Governor Brown Signs Privacy Bills

CCLA | October 10, 2015

SACRAMENTO — A great victory has been clinched by civil liberties and privacy advocates in California! Governor Brown has signed three bills that will help California residents ensure that their private information is not being arbitrarily intruded upon by government agencies or that their private information is not being misused.

 

SB 178 (Leno-D)

Senate Bill 178—the California Electronic Communications Privacy Act (dubbed “CalECPA”)—is California’s solution to the outrageously obsolete

security with mobile phone and lock

federal Electronic Communications Privacy Act, which was first passed in 1986 and practically obsolete at its inception. The CalECPA will greatly enhance those outdated protections by preventing law enforcement and other government entities from accessing private data, which is normally carried out by compelling production from service providers, third parties, or by physically or electronically interacting with the device. Under SB 178, in order to gain access to such data, government entities will now be forced to seek a warrant, wiretap order, or subpoena in accord with existing state laws — something that many people believed law enforcement was already required to do. Alternatively, access can be gained by seeking the consent of the device’s owner; thus, citizens must be vigilant in enforcing their personal rights to avoid deception or coercion into giving up their private information. The only other exception would be if the device (such as a cell phone) is believed to be lost or stolen, or in “good faith” emergency situations.

SB 741 (Hill-D)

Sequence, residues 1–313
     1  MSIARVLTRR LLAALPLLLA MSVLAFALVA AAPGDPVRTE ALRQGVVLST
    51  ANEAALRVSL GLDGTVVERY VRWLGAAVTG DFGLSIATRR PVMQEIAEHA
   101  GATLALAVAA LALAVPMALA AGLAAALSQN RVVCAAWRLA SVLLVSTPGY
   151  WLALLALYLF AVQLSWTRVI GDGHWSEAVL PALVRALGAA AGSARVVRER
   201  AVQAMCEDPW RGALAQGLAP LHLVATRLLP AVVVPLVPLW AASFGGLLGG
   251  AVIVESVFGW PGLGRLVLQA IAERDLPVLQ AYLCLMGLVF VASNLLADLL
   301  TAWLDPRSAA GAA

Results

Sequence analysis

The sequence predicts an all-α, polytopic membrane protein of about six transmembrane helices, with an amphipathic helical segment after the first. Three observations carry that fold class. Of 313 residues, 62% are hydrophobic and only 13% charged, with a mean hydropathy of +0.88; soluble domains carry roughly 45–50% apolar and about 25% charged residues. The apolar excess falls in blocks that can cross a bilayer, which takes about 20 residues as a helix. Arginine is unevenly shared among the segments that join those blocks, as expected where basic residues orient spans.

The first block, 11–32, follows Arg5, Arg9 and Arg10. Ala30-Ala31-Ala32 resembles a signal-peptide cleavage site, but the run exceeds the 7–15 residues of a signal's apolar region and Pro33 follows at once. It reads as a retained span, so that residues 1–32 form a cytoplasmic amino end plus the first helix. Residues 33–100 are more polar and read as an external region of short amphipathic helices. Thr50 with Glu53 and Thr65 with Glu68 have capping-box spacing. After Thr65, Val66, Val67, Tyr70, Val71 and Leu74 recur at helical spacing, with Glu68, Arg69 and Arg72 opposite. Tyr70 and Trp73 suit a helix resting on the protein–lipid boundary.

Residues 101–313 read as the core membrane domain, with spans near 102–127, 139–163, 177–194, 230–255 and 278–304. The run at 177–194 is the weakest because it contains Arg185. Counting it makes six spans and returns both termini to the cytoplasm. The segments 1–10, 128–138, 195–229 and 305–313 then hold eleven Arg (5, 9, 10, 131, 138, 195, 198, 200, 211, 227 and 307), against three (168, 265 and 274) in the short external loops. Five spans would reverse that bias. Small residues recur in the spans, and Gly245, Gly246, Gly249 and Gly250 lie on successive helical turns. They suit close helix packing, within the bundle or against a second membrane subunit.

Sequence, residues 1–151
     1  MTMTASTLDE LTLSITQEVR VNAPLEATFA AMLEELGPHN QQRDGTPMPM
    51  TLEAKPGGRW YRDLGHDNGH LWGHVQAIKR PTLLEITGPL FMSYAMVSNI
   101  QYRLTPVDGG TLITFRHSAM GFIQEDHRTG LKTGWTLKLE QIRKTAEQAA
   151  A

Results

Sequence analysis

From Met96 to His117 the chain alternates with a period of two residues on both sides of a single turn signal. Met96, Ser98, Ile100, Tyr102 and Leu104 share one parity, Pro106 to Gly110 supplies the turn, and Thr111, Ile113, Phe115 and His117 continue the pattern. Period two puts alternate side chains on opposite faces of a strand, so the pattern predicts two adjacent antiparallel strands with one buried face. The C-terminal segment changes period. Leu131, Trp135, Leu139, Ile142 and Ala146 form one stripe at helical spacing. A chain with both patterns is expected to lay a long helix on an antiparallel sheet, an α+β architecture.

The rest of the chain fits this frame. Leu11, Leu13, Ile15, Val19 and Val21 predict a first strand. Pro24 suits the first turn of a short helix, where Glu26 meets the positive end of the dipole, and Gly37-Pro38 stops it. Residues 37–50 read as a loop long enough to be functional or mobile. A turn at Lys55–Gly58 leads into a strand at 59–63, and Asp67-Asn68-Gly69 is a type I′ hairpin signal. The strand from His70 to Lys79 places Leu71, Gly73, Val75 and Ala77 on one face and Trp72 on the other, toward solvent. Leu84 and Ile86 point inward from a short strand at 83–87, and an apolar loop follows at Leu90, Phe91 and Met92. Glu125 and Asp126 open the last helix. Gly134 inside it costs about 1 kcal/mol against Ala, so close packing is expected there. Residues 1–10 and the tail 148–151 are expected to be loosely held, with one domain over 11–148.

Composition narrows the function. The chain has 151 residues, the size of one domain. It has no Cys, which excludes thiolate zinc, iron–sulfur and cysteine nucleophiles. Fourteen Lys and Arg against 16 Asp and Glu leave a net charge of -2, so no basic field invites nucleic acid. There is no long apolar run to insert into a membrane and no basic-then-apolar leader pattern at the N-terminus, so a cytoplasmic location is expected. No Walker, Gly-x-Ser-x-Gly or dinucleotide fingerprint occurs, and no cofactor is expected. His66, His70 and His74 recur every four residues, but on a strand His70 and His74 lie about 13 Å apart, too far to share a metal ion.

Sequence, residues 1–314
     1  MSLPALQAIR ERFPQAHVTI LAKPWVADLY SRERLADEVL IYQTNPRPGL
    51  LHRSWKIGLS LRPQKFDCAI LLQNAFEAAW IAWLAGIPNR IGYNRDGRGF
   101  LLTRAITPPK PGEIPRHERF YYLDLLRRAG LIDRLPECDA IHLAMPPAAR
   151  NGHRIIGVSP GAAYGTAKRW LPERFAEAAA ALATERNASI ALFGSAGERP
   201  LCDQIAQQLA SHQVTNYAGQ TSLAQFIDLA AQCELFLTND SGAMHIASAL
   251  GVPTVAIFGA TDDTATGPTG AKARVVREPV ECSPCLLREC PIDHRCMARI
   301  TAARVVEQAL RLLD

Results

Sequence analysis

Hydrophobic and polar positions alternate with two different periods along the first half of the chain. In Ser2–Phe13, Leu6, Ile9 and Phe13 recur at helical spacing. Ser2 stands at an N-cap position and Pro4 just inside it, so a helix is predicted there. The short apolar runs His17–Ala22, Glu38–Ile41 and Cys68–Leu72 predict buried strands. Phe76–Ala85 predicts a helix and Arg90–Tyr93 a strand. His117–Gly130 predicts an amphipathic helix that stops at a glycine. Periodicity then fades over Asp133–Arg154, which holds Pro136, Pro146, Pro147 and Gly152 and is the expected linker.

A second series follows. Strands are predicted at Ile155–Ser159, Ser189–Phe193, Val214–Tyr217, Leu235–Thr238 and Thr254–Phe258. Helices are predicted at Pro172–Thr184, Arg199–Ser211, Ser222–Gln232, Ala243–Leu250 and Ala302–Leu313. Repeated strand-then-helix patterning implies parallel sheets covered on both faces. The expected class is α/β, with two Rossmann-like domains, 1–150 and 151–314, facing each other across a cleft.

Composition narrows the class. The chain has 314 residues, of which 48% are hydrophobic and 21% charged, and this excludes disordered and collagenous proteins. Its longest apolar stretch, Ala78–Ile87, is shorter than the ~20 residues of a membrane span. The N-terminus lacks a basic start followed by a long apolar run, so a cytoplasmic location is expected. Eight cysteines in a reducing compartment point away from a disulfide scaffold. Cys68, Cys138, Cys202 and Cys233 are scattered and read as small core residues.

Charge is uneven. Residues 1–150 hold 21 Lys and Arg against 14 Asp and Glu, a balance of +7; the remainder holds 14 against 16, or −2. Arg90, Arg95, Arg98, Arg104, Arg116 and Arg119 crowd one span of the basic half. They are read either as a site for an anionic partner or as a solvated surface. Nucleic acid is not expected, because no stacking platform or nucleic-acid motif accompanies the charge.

Not many people have heard of the device known as Stingray, which allows law enforcement to mimic cellular towers and scoop up data from the private cell phones of citizens. In addition to metadata, Stingray devices are capable of acquiring the contents of private text messages and vocal conversations. While it is the CCLA’s position that SB 741 is far from comprehensive, it is somewhat of a springboard for regulating data collected by Stingray devices. Overall, SB 741 requires government agencies to adopt and maintain security procedures to protect such data from unauthorized access, use, and dissemination. Agencies will also be required to implement a usage and privacy policy that complies with the law and is consistent with upholding individuals’ privacy and civil liberties. This usage and privacy policy will add some transparency as it is required to be posted on the given agency’s website. SB 741 also prevents local agencies from acquiring cellular data without first passing an ordinance at a regularly scheduled meeting. Unfortunately, the bill falls a little short in that county sheriffs will be exempt from this restriction, though they too must adopt a privacy and usage policy that must be conspicuously posted on their website. Where this bill grows teeth is in establishing a cause of action for anyone harmed by the misuse of data. The CCLA looks forward to (and will work hard at) seeing this language expanded in the future.

SB 34 (Hill-D)

Like Stingray technology, many citizens are unaware of automated license plate readers (“ALPR”). ALPR devices are able to “see” in total darkness, read license plate numbers, check against a database, and store the number, date, time, and location of the vehicle. This practice effectively allows the government to track the travel and movements of anyone. SB 34 is similar to SB 741 by requiring local agencies to adopt ordinances outlining usage and privacy policies at regularly scheduled meetings. SB 34 also requires security procedures to be adopted that ensure the privacy and civil liberties of individuals. Unfortunately, SB 34 also lacks the restrictions on law enforcement that are typically necessary to protect the public from abuse of government power. The bill does, at least, establish a cause of action for anyone harmed as a result of an operator’s misuse of data. Like SB 741, the CCLA looks to the future with the hope that the provisions of this bill will be expanded. The CCLA will work hard to ensure it will.